How much difference all this ultimately makes in the challenge to Fiorina by DeVore, a Tea Party favorite, remains to be seen, of course. iCarly must still be considered the favorite, despite recent polls showing the two tied, because of her expected considerable advantage in money.
But grassroots right-wing advocates show no sign of relaxing their push to attack ideologically challenged colleagues in the Republican party. Tea Party founder Dick Armey recently proposed a 10-point litmus test for GOP candidates, which will be debated at the Republican National Committee meeting early next year, and which makes even some very conservative commentators shudder, including the estimable Eric Hogue.
I agree that we, as conservative members of the Republican Party, have been lied to, teased and ignored by wound-up political professionals, but I am not sure that incorporating a litmus test is the way to go…
This desperate litmus test is self-defeating, and frankly, a little disturbing. The test is anti-Republican, both in construct and in ethic. Republicans are about freedom, not about toeing some party line under threat of expulsion. If you want top-down authority from your political party, go be a Democrat…or a Communist.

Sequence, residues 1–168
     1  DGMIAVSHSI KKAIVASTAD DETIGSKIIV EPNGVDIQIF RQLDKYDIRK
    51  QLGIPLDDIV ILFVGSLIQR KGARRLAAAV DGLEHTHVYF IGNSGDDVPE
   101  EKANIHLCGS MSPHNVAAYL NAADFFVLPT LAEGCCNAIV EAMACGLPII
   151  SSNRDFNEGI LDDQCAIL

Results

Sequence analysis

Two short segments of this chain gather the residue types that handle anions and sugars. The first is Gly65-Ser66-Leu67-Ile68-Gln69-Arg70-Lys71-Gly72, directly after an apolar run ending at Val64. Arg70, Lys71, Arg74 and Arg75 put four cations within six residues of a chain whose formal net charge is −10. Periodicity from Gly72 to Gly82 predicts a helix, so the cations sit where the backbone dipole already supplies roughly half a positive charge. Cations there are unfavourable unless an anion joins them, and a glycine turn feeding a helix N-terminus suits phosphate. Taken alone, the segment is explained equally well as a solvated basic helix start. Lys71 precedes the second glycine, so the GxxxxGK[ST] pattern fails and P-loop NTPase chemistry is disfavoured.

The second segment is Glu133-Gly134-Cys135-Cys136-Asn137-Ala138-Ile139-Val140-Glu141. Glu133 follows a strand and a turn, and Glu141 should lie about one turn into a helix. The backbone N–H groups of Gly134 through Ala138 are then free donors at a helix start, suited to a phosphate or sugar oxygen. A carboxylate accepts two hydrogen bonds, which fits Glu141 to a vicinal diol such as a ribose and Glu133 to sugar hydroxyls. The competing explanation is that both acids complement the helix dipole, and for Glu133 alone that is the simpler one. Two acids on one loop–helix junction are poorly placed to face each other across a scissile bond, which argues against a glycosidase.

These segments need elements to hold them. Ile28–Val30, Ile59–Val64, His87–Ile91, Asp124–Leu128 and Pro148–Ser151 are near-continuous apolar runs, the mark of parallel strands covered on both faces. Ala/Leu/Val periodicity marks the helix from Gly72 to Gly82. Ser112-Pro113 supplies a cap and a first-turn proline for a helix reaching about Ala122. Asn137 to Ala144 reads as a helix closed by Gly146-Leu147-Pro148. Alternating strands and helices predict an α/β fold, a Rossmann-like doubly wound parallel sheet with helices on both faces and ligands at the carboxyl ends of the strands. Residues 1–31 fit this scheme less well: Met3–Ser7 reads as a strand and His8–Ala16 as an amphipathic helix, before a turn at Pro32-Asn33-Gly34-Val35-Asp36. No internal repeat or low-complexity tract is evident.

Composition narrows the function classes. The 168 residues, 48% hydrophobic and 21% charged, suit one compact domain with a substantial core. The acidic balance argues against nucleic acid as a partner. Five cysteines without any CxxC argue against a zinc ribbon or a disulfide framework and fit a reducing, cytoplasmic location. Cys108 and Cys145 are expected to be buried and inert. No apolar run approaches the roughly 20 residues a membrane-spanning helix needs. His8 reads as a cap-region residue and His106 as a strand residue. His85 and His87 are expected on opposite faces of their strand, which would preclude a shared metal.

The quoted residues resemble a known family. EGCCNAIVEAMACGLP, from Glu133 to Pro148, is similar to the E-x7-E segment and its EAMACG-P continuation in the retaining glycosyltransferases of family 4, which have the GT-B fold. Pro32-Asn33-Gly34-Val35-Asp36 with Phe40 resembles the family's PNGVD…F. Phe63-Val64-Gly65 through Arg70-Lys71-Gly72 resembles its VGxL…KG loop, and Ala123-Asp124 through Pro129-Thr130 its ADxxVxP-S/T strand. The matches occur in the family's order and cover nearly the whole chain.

Not to put too fine a point on it.
*Rasmussen included this disclaimer in reporting on the Tea Party poll: “For this survey, the respondents were asked to assume that the Tea Party movement organized as a new political party. In practical terms, it is unlikely that a true third-party option would perform as well as the polling data indicates. The rules of the election process – written by Republicans and Democrats – provide substantial advantages for the two established major parties. The more conventional route in the United States is for a potential third-party force to overtake one of the existing parties.”